Suppose education systems were rated on a scale of 0 to 100 based on the percentage of their students that reach their full potential. Further suppose that we'd discovered a way for an education system to reliably achieve a score of 100, but in a manner that (among other things) would require eliminating all of the "compromises for custody" and "co-curricular benefits" you mention above. In this hypothetical scenario, how far would you be willing to lower an educational system's score in order to retain the "compromises for custody" and "co-curricular benefits" you mention above?
    How do students reach 100% of their full potential if all co-curricular benefits are eliminated?

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    Regarding the USAFA start time study (link):

    1. All students at the Air Force Academy are required to have breakfast at the same time every morning, leading the authors to surmise that they all wake up at about the same time. Most of the effect they find, therefore, is due to circadian rhythms, i.e. the students being naturally more awake at certain times of day than at other times, rather that sleep deprivation.
    2. On the other hand, the authors found that the relatively poor performance of students who had first-period classes carried over into their later classes as well. This seems to me to contradict the circadian rhythm theory.
    3. The authors hypothesize that students with first-period classes may actually be suffering from (relatively more severe) sleep deprivation than those who donít have a first-period class, because those with the earlier classes stay up late at night to prepare, while their colleagues are able to prepare in the morning. So perhaps most of the effect actually is attributable to sleep deprivation after all.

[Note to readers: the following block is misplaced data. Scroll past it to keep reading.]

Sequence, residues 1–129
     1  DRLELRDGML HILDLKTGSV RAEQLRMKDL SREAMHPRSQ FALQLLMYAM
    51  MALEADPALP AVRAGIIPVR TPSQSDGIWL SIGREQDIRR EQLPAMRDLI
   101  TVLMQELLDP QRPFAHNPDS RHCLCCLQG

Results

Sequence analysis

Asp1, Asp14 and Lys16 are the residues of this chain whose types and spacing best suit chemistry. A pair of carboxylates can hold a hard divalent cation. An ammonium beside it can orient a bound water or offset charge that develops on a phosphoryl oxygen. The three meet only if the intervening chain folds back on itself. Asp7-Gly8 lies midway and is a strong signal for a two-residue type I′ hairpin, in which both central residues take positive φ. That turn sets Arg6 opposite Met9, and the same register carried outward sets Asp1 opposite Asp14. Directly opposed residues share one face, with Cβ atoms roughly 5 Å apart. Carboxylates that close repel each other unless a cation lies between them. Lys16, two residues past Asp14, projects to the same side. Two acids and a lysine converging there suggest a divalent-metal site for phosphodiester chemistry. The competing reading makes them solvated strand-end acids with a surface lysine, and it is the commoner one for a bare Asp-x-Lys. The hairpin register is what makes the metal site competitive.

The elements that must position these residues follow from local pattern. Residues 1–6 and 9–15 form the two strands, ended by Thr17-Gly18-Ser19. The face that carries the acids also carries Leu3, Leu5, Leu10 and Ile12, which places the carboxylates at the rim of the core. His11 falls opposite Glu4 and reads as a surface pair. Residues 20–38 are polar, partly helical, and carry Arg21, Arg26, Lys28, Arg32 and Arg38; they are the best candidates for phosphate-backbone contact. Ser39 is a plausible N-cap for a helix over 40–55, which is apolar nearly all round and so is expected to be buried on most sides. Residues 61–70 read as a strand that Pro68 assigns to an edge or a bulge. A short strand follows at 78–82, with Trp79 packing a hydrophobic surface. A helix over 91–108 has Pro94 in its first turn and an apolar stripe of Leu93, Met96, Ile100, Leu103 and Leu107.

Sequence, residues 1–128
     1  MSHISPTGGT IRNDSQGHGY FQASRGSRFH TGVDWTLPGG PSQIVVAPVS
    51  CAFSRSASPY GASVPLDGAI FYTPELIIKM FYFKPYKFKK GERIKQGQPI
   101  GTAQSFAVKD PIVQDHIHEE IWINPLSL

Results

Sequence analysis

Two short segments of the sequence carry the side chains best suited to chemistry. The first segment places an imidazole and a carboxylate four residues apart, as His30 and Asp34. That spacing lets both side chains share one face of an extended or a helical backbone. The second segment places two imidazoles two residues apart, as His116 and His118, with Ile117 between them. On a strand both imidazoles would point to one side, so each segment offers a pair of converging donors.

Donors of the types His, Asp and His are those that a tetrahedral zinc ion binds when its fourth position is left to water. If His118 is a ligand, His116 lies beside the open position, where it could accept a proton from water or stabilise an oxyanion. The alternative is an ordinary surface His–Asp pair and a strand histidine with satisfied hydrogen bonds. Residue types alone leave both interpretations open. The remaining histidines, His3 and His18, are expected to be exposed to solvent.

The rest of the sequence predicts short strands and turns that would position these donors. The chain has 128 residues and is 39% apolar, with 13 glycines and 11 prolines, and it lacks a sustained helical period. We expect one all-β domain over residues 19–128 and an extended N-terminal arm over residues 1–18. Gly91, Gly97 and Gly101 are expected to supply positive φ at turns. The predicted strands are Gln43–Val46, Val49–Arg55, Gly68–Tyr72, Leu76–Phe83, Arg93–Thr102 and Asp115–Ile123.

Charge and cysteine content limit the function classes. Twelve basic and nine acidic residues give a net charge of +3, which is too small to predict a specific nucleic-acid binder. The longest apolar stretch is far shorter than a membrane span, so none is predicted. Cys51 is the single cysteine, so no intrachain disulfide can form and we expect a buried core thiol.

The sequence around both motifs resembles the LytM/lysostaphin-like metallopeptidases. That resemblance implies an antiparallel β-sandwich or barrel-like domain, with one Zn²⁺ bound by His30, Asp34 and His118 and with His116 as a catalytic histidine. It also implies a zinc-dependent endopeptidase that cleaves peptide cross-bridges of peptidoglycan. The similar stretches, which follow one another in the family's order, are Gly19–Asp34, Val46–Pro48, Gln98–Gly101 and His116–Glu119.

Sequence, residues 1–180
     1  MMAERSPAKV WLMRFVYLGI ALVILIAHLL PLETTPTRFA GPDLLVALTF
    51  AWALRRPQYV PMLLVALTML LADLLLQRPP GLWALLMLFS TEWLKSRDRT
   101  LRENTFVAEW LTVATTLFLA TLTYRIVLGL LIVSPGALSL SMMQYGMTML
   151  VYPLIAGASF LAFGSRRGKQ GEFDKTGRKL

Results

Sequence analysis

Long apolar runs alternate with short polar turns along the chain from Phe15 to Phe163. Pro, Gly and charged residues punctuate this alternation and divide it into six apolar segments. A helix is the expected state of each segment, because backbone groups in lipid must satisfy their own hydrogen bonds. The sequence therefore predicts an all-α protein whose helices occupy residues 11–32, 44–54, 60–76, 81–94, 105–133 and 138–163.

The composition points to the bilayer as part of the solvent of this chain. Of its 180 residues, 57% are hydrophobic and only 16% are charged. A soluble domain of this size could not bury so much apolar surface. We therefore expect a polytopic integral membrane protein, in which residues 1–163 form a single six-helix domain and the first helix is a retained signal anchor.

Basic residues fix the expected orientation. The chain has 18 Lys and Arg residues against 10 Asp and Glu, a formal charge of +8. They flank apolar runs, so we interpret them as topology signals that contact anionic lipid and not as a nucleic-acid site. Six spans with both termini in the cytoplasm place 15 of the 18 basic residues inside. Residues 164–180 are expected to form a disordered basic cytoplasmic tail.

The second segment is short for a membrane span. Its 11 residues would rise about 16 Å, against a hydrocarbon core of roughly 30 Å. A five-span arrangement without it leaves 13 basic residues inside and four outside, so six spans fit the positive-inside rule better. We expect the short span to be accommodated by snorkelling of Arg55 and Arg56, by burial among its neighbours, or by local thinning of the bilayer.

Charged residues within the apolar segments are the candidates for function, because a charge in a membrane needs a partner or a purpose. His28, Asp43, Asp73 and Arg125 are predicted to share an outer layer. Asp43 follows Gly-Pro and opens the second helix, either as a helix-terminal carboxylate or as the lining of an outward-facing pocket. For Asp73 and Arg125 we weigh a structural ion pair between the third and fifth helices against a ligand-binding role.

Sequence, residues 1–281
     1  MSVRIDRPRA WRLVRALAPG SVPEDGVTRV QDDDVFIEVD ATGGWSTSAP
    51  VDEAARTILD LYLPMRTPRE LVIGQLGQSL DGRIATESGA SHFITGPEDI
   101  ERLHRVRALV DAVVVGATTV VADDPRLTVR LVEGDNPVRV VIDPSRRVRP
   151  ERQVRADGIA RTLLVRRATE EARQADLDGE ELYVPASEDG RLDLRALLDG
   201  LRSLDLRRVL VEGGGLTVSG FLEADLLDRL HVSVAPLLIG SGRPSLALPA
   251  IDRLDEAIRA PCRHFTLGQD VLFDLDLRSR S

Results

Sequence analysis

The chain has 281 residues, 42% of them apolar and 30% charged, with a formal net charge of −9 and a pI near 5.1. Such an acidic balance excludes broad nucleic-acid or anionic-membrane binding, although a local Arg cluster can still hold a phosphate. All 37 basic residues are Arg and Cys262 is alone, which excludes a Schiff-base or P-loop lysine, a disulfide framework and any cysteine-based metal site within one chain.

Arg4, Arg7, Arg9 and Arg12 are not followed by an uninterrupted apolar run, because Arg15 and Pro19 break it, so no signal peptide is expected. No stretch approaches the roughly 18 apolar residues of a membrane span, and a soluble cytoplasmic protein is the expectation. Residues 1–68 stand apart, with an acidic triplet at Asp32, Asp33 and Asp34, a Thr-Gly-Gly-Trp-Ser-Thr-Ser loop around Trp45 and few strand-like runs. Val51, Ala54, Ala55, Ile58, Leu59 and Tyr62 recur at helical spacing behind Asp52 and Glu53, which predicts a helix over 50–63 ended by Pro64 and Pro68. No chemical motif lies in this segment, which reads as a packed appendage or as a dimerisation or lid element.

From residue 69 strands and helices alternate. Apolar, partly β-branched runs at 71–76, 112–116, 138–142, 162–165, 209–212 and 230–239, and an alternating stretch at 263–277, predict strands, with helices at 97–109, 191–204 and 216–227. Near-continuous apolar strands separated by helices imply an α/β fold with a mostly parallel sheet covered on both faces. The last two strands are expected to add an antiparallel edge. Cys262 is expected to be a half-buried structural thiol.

Which leads me to wonder: Is homework (or, more specifically, homework that keeps students up much later than they should be up) a factor in this equation? Does sleep deprivation caused by homework (which if I recall correctly typically gets done after sports, dinner and TV) put a bigger dent in student achievement than anything that can be explained by too-early school start times?

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    Let me restate that: Jeff, suppose education systems were rated on a scale of 0 to 100 based on the percentage of their students that reach their full potential. Further suppose that we'd discovered a way for an education system to reliably achieve a score of 100, but in a manner that (among other things) would require eliminating all of the "compromises for custody" and "co-curricular benefits" you mention above. In this hypothetical scenario, how far would you be willing to lower an educational system's score in order to retain the "compromises for custody" and "co-curricular benefits" you mention above?

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    Quote Originally Posted by DHBernstein View Post